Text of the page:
Car reviews - FPV - F6X - 270 5dr wagon
1 Feb 2008
FORD Performance Vehicles’ first foray away from Falcon-derived vehicles was realised this week in the shape of the F6X 270.
Based on Ford’s range-topping SY Territory Ghia Turbo AWD, the F6X 270 is also the most powerful six-cylinder SUV available in Australia.
Priced from $75,990, the FPV SUV will be on sale from February 29, which coincides with its public debut at the Melbourne International Motor Show.
While most of the exterior and interior changes are minor, the BFII F6 Typhoon sedan and Tornado utility’s 4.0-litre twin-cam in-line six-cylinder petrol engine – mated solely to an unchanged ZF six-speed sequential shift automatic gearbox – and a series of mechanical-related changes differentiate the FPV from its “Hammerhead” Territory Turbo donor car.
In the F6X installation, the turbocharger is a Garrett GT3540, working in unison with an aluminium air-to-air intercooler.
No manual version will be offered and, although GoAuto has learned that a small number of V8 prototypes exist, there will be no eight-cylinder Territory-based FPV SUV in this generation of vehicle.
As with the Territory Turbo, drive is delivered to all four wheels permanently using Ford’s Acutrac system. The rear-wheel drive model was not considered as it does not come with a six-speed gearbox.
As its name suggests, the F6X 270’s 3984cc unit delivers 270kW of power at 5000rpm and 550Nm of torque between 2000 and 4250rpm. The previous most powerful Territory derivative, the Turbo, produces 245kW and 480Nm.
Running on 95 RON unleaded petrol, the F6X 270’s ADR81-01 fuel consumption is rated at 14.9L/100km while its carbon dioxide emissions rating is 357g/km. Towing capacity is 2300kg.
FPV says it spent in excess of 2500 hours testing, including hot and cold climate validation, with full engine mapping and recalibration carried out on a dynometer for fuel, spark timing and boost control.
While the F6X uses the Territory’s sophisticated virtual pivot control link front and Control Blade multi-link rear suspension set-up, alterations include retuned damper and spring settings, for a “firmer, sports feel”.
More specifically, the damper features a unique valve code that is said to improve initial roll control, helping to achieve more direct steering response and more linear feel. A 10 per cent increase in the spring rate over the Territory Ghia Turbo has resulted in a discernible decrease in body roll.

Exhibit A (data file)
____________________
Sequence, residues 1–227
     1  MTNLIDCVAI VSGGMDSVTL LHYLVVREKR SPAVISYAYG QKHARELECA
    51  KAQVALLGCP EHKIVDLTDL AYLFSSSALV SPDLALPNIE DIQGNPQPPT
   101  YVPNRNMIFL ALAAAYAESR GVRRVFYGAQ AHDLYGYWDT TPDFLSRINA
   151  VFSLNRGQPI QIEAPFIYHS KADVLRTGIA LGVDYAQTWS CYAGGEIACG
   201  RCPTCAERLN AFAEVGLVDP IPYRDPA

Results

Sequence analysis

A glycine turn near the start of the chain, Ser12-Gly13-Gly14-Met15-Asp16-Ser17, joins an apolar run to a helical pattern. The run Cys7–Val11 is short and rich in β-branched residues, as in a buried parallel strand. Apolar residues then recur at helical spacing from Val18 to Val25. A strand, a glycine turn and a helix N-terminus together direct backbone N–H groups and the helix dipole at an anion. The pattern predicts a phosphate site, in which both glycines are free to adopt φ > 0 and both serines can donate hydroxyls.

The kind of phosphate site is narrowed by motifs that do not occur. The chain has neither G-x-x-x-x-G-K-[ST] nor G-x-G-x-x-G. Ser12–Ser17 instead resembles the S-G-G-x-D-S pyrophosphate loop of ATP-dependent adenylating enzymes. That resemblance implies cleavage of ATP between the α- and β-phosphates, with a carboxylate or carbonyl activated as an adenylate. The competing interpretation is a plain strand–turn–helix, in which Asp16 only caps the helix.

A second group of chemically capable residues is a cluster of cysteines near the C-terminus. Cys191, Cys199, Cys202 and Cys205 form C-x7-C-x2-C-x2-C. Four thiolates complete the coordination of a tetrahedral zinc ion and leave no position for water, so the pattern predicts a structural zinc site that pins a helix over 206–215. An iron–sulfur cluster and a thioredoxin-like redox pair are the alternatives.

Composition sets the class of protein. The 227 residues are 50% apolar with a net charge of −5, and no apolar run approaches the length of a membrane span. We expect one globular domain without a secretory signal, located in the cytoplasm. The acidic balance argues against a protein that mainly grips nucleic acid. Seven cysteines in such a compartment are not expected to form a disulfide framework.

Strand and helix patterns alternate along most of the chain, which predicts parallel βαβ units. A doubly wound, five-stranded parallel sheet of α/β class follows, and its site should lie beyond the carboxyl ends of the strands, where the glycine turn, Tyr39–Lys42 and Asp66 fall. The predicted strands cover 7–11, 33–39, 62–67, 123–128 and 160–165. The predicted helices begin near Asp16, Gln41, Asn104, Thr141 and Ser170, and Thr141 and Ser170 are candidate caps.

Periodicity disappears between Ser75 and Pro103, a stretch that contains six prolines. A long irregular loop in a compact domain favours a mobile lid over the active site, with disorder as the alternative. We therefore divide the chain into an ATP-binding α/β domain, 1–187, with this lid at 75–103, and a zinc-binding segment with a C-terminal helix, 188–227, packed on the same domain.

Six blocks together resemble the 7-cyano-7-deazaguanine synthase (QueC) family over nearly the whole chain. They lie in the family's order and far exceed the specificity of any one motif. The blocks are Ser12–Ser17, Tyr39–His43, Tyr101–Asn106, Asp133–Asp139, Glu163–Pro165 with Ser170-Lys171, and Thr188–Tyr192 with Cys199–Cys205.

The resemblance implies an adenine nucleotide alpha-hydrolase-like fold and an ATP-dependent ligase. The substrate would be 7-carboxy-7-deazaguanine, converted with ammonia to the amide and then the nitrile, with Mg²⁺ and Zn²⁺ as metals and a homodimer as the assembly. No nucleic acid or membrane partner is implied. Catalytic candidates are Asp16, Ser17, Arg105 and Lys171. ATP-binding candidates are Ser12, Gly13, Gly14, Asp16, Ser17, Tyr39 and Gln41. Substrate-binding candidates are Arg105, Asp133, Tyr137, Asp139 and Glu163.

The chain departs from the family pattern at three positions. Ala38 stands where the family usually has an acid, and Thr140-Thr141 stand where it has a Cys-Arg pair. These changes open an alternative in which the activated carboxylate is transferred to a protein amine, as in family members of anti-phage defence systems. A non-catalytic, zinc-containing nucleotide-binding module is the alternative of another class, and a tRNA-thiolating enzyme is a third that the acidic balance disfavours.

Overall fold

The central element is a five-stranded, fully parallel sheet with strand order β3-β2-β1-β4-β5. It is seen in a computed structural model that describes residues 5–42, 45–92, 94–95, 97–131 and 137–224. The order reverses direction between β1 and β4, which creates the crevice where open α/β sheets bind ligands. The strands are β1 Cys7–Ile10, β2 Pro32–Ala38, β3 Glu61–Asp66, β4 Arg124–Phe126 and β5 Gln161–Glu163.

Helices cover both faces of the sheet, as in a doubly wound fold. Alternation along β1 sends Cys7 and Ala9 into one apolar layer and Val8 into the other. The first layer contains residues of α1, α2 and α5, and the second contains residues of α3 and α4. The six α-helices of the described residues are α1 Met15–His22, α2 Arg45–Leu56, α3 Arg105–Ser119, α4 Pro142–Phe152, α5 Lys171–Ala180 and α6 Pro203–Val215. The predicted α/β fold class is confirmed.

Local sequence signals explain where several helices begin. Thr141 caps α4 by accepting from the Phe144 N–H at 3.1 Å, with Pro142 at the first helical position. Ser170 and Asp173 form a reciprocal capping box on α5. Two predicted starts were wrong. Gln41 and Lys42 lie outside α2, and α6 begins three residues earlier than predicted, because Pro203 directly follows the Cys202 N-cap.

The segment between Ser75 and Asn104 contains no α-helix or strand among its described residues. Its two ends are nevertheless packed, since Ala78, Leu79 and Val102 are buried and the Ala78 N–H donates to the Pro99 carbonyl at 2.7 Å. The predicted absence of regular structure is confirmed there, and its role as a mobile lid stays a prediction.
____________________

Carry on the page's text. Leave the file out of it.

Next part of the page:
On the braking side, an upgrade sees front Brembo six-piston calipers working with 15mm larger (355mm x 32mm) ventilated rotors, while the rears are enhanced with 328mm x 26mm ventilated rotors with single-piston sliding calipers.
With the help of supplier Bosch, a recalibrated stability control system (DSC in Ford-speak) results in a higher – as well as an altered – intervention threshold.
Visually, as part of its FPV makeover, the F6X gains a crosshatch grille finished in a ‘Molten Metal’ look (which also garnishes the front and rear skid plate, hood scoop and mirror scalps), alloy running boards, chrome belt line mouldings (a first for any Territory), an FPV dual exhaust outlet, body-coloured bumpers and door claddings, and the option of ‘F6X 270’ stripes.
The latter has been included at the behest of boss Rod Barrett, despite the view of some within the company that stripes on an FPV should be limited to V8-powered vehicles.
Redesigned 18-inch alloy wheels along the lines of those found on the F6 Typhoon and Tornado, shod with road-based Goodyear Fortera P235/55 R18 tyres, are also part of the visual package.
Larger wheels were considered, but a tight deadline coupled with the difficulty of sourcing performance SUV-suitable tyres forced FPV to work with the 18-inch units.
The F6X 270’s interior boasts a greater amount of differentiation, with special two-tone leather seats with ‘F6X’ embroidered head rests being the main change.
Along with the Territory Ghia’s ‘Premium’ centre console unit featuring a Molten Metal finish, there is FPV branding for the instrument cluster, scuff plate inserts and floor mats, plus a build number badge.
As with the Territory Ghia Turbo AWD, all F6Xs include side curtain airbags, rear parking sensors, the aforementioned leather seats, dual zone climate control, premium audio and power adjustable pedals, while satellite navigation and third-row seating cost more.
However, time constraints precluded the inclusion of a push-button start mechanism – a de rigueur FPV item until now.
This year’s production run is listed at 601 vehicles, but, as FPV’s first SUV – and with the failure of Holden’s VY/VZ Commodore-based Adventra still fresh in peoples’ minds – the firm is keeping mum about sales expectations, except to say that it expects all to be sold.
Mr Barrett believes existing FPV owners – particularly F6 types – will upgrade to the F6X 270.
As for rivals, the FPV boss does not believe there are any even close to the F6X’s price point. “The F6X is on its own,” he said.
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